In 1949, Morris Chang left mainland China for Boston where he had a relative who was a professor at Northeastern University. With his help, Morris got admission to Harvard University. A rare and remarkable feat for a Chinese immigrant at that time. After a year of studying the classics and basic sciences, which he thoroughly enjoyed, he decided to major in mechanical engineering and transferred to MIT.
He attempted to get a Ph.D. at MIT but was rejected twice. This demolished his self-esteem and threw him into an existential crisis. “The shock at that time made me unable to eat and sleep normally for several days”. Frustrated by his failure to make it as an academic, he tried his luck to enter the industry. Like any poor student, he picked the job that paid the most and joined Sylvania (as it paid a dollar more than Ford). Sylvania was known for making light bulbs, televisions, and vacuum tubes. They were trying to enter the semiconductor space and needed mechanical engineers who could build their production lines for transistors. Morris was concerned about one aspect of the job though, he had never heard the word “transistor” before.
“I don’t know anything about computers”
The introduction of computers in India was rife with mistrust and suspicion. The Indian governments during the mid to late 20th century followed a socialist policy and considered computers as job-displacing machines. Computers were marketed as “advanced ledger posting machines” so as to not spook labor unions at banks. As a result import duties on computers were high so as to discourage large-scale attempts at automation. Computers were purchased for university research departments and government agencies. This typically needed funding and approval from the government. Very few private enterprises could afford to buy and maintain a computer.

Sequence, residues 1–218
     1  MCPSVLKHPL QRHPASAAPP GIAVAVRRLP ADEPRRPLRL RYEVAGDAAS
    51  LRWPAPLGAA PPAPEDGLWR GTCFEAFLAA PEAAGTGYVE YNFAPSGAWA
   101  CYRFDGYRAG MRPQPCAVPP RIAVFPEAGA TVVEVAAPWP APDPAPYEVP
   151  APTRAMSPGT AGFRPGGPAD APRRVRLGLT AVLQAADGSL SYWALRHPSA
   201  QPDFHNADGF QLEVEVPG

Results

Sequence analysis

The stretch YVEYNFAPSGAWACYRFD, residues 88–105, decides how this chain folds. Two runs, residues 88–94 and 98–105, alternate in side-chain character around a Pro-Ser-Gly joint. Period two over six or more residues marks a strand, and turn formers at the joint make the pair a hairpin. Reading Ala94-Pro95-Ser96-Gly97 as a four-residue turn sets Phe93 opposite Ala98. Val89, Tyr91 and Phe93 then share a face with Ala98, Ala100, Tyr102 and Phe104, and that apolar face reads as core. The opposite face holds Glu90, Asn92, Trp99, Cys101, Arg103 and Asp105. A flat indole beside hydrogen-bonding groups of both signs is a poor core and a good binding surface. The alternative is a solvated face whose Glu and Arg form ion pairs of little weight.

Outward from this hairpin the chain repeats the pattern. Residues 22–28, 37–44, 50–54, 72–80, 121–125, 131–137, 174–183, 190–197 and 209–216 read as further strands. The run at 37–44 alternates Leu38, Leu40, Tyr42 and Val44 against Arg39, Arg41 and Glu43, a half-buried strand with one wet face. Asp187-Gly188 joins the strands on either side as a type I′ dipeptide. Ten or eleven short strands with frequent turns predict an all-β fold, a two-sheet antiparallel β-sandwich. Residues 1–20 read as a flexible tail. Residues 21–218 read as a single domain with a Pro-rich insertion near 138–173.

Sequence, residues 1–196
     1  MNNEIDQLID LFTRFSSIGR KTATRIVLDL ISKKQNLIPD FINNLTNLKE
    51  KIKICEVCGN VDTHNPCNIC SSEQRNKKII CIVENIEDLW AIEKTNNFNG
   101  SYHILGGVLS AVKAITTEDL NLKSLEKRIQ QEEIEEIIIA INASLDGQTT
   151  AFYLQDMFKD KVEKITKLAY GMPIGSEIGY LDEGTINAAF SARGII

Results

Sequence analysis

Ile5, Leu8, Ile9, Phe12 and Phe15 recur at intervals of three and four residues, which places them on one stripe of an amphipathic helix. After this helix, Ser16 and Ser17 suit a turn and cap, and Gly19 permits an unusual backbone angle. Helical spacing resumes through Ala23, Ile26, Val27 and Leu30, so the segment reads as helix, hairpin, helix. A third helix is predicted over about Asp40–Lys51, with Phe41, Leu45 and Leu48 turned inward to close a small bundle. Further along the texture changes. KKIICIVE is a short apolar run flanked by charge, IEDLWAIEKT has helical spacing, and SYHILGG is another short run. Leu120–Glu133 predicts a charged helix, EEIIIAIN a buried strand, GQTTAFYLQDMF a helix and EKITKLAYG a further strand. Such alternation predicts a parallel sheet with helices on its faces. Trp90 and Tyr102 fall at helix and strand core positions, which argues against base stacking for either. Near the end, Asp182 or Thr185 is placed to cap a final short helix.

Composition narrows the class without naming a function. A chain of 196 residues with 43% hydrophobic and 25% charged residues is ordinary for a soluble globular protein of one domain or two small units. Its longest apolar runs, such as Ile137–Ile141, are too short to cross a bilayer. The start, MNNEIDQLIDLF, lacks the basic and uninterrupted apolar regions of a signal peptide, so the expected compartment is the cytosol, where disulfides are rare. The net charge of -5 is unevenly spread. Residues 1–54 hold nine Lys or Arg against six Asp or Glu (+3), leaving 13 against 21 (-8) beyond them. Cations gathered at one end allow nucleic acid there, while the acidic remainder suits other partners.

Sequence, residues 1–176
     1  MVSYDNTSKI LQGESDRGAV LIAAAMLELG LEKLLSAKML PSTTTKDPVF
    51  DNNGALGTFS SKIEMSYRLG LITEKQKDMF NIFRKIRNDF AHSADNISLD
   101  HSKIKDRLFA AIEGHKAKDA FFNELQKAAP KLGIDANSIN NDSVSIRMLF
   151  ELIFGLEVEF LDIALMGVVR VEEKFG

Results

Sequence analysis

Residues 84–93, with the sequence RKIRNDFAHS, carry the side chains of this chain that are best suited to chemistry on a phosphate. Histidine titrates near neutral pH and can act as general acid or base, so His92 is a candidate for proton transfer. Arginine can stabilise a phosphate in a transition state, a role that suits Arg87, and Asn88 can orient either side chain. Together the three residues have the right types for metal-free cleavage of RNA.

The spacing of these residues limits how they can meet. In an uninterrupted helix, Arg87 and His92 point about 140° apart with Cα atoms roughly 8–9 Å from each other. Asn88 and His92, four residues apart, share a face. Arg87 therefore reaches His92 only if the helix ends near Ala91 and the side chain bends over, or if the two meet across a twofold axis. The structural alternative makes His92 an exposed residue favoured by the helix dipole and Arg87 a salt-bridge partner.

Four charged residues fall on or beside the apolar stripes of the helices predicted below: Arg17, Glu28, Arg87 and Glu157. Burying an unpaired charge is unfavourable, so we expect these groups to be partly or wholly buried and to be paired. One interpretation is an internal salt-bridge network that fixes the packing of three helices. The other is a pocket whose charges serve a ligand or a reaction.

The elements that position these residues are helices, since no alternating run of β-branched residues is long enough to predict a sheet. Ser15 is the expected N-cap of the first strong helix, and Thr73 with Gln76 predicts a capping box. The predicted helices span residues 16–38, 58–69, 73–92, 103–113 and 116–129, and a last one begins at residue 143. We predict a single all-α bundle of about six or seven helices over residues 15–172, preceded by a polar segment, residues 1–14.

In 1951 IBM set up operations in India at the invitation of Nehru, who was India’s first Prime Minister and a champion of modernization. IBM followed an “As Is” policy. Older generation mainframe computers that were discarded by western clients were refurbished and leased out to customers in India. While they provided excellent service, many policymakers believed that IBM charged extortionary prices. They were also displeased by the fact that the technology in India was a generation or two older compared to the West. During the 1970s the government took a protectionist stance and wanted to cap the foreign equity of companies operating in India to 40%. This created a rift between IBM and the government which led to IBM ending its operations in India in 1977. The industry minister at the time who was leading the negotiations was caustic in his condemnation.
IBM was very cocky. They went to the extent of telling me that they have refused to accept what the French President, General Charles de Gaulle, had told them (to dilute their equity). So I told them, ‘if you think the General succumbed to you, I am telling you that I am not succumbing to you. You get out.’ Yes, I said ‘You get out’.
It was in this stifling business environment that Kohli was bootstrapping a software company. After graduating from MIT in 1951 he returned to India. He declined an offer to pursue a Ph.D. in order to assist his family who was displaced by the partition. Kohli joined the Tata Electric Company which was part of the larger Tata Group conglomerate. As an intellectually curious engineer, he leveraged the computer at the Tata Institute of Fundamental Research in Bombay to automate certain power plant operations.
This caught the eye of the group chairman J.R.D. Tata. He directed Kohli to start a company that could computerize various operations within the Tata group and offers its technical expertise to other companies. Trying to evade the appointment, Kohli is believed to have told J.R.D. Tata, ‘I don’t know anything about computers.’ To which J.R.D shot back, ‘Well, no one in India knows anything either.’